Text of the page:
What is the tracker mortgage scandal all about?
Loss-making trackers meant banks were going to target customers
What is the tracker scandal about?
In very simple terms, it has at its core a fierce determination on the part of mortgage lenders over the last 20 years to force as many people as they possibly could off loss-making tracker mortgages in the post-crash period.
What is a tracker?
A mortgage rate tied to the rates offered by the European Central Bank (ECB). Typically during the boom years, tracker rates would have been somewhere between 0.7 and 1.2 per cent above the ECB rate.
That sounds grand, why would banks want to force people off them?
In the post-crash period borrowing became extremely costly for Irish banks. They could not get their hands on cash at rates anywhere close to the rates they had committed to offering all tracker holder for the lifetime of their mortgages. That meant the every one of the hundreds of thousands of tracker loans they had given out were actually costing them money.
Whose fault was that?
Oh, it was entirely the banks’ fault. They were the ones who had over-extended themselves with lending practices which could most kindly be described as loose. And they were largely to blame for the crash which cost the Irish taxpayer – and Irish taxpayers yet to be born – billions of euro. On every single level the banks were to blame.
What kind of money are we talking about here?
Given that the official ECB rate is just 0.05 per cent, a person on a tracker is paying an interest rate of between 0.8 per cent and 1.3 per cent on their home loan. Typical variable rates, meanwhile, hover between 3 per cent and over 4 per cent.
If someone has a 25-year, ¤200,000 tracker mortgage and is paying 1 per cent over the ECB rate they pay about €750a month. A variable rate mortgage holder owing the same money over the same term will pay around ¤1,110 a month.
If someone was moved from their tracker mortgage in 2008 and only found out about it last year they may have ended up paying ¤33,600 more than they should have. Over the course of a mortgage you could be looking at overpayments of more than ¤80,000.
So when did all this start?
For the thousands of people caught up in it, it started 10 years ago. That is when the banks realised they had not done their sums and when it dawned on them that trackers may not have been so clever.
If the banks were up to no good why did the Financial Services Ombudsman not stop them?
Why, indeed. Question marks hang over the role played by the FSO. Many people took cases to it and to arbitration committees and lost.
When did the scandal come to light?
For years up until 2015 there were murmurings that banks were forcing people off trackers for the flimsiest of reasons but it was not until the summer of 2015 that the story reached a climax in courts when PTSB lost a case taken by two couples who had claimed their mortgage accounts had been mismanaged by the bank. After that it emerged that Permanent TSB and its subsidiary Springboard Mortgages had mismanaged the accounts of almost 1,400 mortgage customers with the result that some lost their homes.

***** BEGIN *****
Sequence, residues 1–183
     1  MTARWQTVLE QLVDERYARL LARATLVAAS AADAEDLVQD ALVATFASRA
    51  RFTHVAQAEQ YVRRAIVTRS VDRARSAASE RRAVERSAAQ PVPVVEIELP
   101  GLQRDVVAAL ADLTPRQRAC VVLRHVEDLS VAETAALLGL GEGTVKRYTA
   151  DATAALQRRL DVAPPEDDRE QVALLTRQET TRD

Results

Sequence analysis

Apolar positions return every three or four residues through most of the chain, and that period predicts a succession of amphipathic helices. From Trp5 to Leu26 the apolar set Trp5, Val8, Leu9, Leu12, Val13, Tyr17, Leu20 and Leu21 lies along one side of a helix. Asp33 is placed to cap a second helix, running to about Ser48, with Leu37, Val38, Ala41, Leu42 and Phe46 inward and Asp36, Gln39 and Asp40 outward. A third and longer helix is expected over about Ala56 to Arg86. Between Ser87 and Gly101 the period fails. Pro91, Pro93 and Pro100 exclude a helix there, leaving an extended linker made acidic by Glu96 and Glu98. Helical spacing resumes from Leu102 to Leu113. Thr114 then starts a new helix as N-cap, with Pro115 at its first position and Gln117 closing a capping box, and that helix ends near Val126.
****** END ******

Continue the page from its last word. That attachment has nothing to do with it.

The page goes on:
What happened then?
The case prompted an enforcement investigation by the Central Bank which identified “significant failures” by both PTSB and its subsidiary company, connected to tracker mortgage options and rates. Among the issues identified by the investigation was PTSB’s failure to inform certain customers of the consequences of their decisions to break early from a fixed rate or discounted tracker period.
What were the consequences of breaking out of a fixed rate?
Well one of the consequences of breaking early was that some lost their contractual right to be offered a tracker rate when their fixed rate or discounted tracker period would have ended. But the bank did not tell people that. It also failed to inform other customers of their right to be offered a tracker rate at the end of any fixed rate period.
And that was that?
No. As a result of the PTSB revelations, the Central Bank looked into the practices at other banks.
And what happened then?
The scandal grew and grew. Last December the Central Bank disclosed that “at least” 8,200 homeowners had been improperly denied a tracker mortgage by their lender and said those affected in the scandal could be as high as 15,000.
Where are we now?
The banks have yet to deal satisfactorily with all the people whose lives they so badly affected. And it will be well into next year before they do so which means that for many of the impacted they will have endured a lost decade and endless torment at the hands of banks who used to – and still do – claim that they care deeply about their customers.